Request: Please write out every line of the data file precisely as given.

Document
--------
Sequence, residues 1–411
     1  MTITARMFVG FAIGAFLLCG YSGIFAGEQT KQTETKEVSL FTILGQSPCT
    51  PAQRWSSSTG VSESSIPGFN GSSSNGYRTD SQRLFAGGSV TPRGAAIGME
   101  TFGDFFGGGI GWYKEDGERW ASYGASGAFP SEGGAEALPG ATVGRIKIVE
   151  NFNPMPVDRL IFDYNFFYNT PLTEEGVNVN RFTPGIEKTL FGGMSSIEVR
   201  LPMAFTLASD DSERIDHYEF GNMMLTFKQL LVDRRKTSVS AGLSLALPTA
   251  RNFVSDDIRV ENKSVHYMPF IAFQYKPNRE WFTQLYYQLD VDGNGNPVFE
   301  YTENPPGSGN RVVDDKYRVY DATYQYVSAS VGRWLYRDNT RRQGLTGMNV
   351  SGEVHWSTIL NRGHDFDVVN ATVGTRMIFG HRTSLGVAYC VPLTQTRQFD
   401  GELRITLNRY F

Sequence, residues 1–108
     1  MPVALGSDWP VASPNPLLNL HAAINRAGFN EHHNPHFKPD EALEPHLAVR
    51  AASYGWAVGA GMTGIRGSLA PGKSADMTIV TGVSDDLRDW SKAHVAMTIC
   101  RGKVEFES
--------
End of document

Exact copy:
Sequence, residues 1–411
     1  MTITARMFVG FAIGAFLLCG YSGIFAGEQT KQTETKEVSL FTILGQSPCT
    51  PAQRWSSSTG VSESSIPGFN GSSSNGYRTD SQRLFAGGSV TPRGAAIGME
   101  TFGDFFGGGI GWYKEDGERW ASYGASGAFP SEGGAEALPG ATVGRIKIVE
   151  NFNPMPVDRL IFDYNFFYNT PLTEEGVNVN RFTPGIEKTL FGGMSSIEVR
   201  LPMAFTLASD DSERIDHYEF GNMMLTFKQL LVDRRKTSVS AGLSLALPTA
   251  RNFVSDDIRV ENKSVHYMPF IAFQYKPNRE WFTQLYYQLD VDGNGNPVFE
   301  YTENPPGSGN RVVDDKYRVY DATYQYVSAS VGRWLYRDNT RRQGLTGMNV
   351  SGEVHWSTIL NRGHDFDVVN ATVGTRMIFG HRTSLGVAYC VPLTQTRQFD
   401  GELRITLNRY F

Sequence, residues 1–108
     1  MPVALGSDWP VASPNPLLNL HAAINRAGFN EHHNPHFKPD EALEPHLAVR
    51  AASYGWAVGA GMTGIRGSLA PGKSADMTIV TGVSDDLRDW SKAHVAMTIC
   101  RGKVEFES